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Hybrid Jobs: How Software Engineers in Test (SETs) Bridge the Gap between Coding & QA
Believe it or not, the concept of the ‘cross-functional team,’ which brings together multiple roles from traditional, skill-specific siloes on a single team, has only come to prominence in the last decade or so. It might be hard to believe because nowadays, building teams featuring employees with skills in different disciplines like technology and finance or marketing and analytics isn’t nearly as uncommon as it used to be. That’s because it works.
Accompanying the emergence of the cross-functional team has been the demand for people to fill ‘hybrid jobs’ with position titles like Creative Technologist, Hybrid IT Business Analyst and even User Experience Designer, which seems like a completely ubiquitous job title at this point. Just like cross-functional teams, hybrid jobs combine multiple hard and soft skillsets, but instead of a team, it’s an individual capable of fulfilling multiple roles through a single job.
At EPAM, hybrid jobs are in hot demand. A great example of one is the Software Engineer in Test (SET), who bridges the gap between writing code for software development and testing that code for bugs as a QA analyst. For more on the topic, let’s hear from Petr Kartashov, Head of QA at EPAM, to explore his perspective on the emergence, prominence and future of SETs.
When and where did you first hear about the SET position?
The first time I learned about this concept was in the early 2000s when one Microsoft blogger offered a glimpse into their Software Development Engineer in Test (SDET) role, then a more concrete description was given in the 2008 book called How We Test Software at Microsoft (Developer Best Practices). Google created an even more technical/lean startup definition of this job called SET and described it in the 2012 book entitled How Google Tests Software. I think Google’s definition of SET better describes the role we have at EPAM.
How has the SET position evolved over time?
After this hybrid job emerged as SDET in the early 2000s, it matured and was shaped to fit Google’s approach to product development. One of the reasons is because Google has always been a web-first company (as opposed to Microsoft, which represents the PC and desktop era) where product delivery and updates require near real-time operations and demand different technical and business skills, like agility and continuous delivery in a lean startup culture. That’s why sharing hybrid skills between both developers and testers was crucial to getting the job done.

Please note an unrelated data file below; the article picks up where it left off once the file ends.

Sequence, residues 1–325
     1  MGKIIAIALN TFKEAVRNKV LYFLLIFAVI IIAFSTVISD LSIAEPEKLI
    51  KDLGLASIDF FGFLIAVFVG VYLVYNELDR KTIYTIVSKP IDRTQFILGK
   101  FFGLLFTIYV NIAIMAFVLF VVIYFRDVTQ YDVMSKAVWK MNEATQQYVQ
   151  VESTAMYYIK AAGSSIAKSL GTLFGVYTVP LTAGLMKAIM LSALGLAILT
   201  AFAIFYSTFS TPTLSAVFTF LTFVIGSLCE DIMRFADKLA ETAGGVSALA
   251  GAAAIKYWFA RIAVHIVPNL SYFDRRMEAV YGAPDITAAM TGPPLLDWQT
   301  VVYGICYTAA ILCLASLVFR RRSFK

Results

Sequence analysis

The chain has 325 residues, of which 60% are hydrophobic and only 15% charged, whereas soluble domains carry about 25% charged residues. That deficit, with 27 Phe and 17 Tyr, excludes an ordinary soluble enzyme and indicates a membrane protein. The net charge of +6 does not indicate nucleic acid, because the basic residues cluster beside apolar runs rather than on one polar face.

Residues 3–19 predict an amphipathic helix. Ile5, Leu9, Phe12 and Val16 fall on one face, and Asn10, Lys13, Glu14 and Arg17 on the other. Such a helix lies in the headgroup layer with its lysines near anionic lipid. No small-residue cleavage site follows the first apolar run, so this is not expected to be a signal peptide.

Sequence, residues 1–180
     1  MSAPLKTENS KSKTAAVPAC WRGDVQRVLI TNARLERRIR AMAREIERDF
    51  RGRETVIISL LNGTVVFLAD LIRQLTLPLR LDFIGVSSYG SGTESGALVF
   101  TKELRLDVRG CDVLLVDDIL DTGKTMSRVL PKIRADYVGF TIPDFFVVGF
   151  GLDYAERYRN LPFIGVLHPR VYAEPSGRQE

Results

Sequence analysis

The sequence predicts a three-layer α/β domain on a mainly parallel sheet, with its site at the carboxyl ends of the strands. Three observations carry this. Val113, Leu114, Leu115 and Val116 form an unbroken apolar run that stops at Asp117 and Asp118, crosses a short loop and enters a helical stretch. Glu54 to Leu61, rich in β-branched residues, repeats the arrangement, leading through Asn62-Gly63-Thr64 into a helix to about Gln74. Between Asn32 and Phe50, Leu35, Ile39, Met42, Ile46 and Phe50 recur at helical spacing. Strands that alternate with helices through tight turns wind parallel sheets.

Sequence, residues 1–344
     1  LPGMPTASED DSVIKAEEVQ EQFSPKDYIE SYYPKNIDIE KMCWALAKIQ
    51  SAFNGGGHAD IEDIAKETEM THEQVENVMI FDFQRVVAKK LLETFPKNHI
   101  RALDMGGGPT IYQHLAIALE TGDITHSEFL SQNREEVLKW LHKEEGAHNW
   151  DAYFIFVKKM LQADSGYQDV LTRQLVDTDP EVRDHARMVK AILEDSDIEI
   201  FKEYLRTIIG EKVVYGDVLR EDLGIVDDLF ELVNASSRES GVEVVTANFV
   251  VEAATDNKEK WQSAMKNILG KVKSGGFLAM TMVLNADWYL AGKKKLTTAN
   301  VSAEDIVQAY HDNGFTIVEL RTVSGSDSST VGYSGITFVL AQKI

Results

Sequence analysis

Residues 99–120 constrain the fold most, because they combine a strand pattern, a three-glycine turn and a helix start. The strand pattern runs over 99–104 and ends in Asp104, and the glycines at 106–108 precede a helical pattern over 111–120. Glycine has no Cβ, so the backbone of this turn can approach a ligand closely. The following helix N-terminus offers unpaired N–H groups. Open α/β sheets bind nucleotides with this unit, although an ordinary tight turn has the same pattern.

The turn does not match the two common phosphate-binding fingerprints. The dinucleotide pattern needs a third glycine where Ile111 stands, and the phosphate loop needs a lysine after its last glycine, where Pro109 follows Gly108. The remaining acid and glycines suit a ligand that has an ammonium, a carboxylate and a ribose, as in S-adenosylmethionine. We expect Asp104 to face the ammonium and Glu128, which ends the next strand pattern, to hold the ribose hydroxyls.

As far as developers’ overall skillsets in Google and other fast-paced tech companies go, they too should be well versed in holistic quality engineering that includes both traditional QA/testing fundamentals and modern development practices to meet quality standards.
What are some of the organizational benefits of having people with hybrid jobs (like SETs) deployed within a project?
To summarize, I see two main benefits. Number one is enabling a truly frictionless build-test-deploy-operate process by automating everything possible (and, of course, only what makes sense to automate).
Number two is what I call time-to-market reduction without compromising confidence or quality, especially on the business side. There are plenty of practices and techniques that can reduce time-to-market, but what about maintaining the confidence level of the business? Can we really do both at the same time? This is a tough call and a balancing act for many business leaders. SET and other hybrid or cross-functional roles actually have these two KPIs in their deliverables, so organizations can ensure both are happening simultaneously.
Another example of a hybrid role in the testing world is the Site Reliability Engineer (SRE), which extends the traditional performance engineering role into production operations. Similarly, their KPI goes beyond performance benchmark testing as it also includes real-life performance metrics, incidents and SLAs.
What do you think the future entails for SETs and the enterprises who employ them?
While enterprises have been adopting and adapting to this role, the efficiency is still not there in terms of where and how to engage SETs, what the best practice is when it comes to employing a ratio of SETs to test engineers, as well as how to allocate and budget such resources for cross-project and cross-functional efficiencies. Efficient allocation is very important due to the fact that we are talking about a very unique, niche role that is both hard to find and well paid.
From a technical point of view, the adoption of cognitive computing and machine learning will bring even greater opportunities for SETs to drive holistic delivery automation. I think a few of the practical applications of AI/ML that will emerge and involve SETs include smart visual testing that reduces expensive page layouts and UI/UX comparison from build to build; test data management automation with intelligent data sub-setting based on risk and the affected product code; and real-time code coverage optimization that learns from production data. Furthermore, application performance monitoring will probably gain a lot from AI/ML-based technologies.
All of these technologies and tools will need cohesive technical integration within existing processes, so it stands to reason that a SET would be probably be the best candidate for this task.
In 2017, Mr. Kartashov wrote an in-depth article for CIO Review entitled “Why Digital Enterprises Should Embrace the Role of Software Engineers in Test to Build ‘Quality-First’ Products.” You can read it here.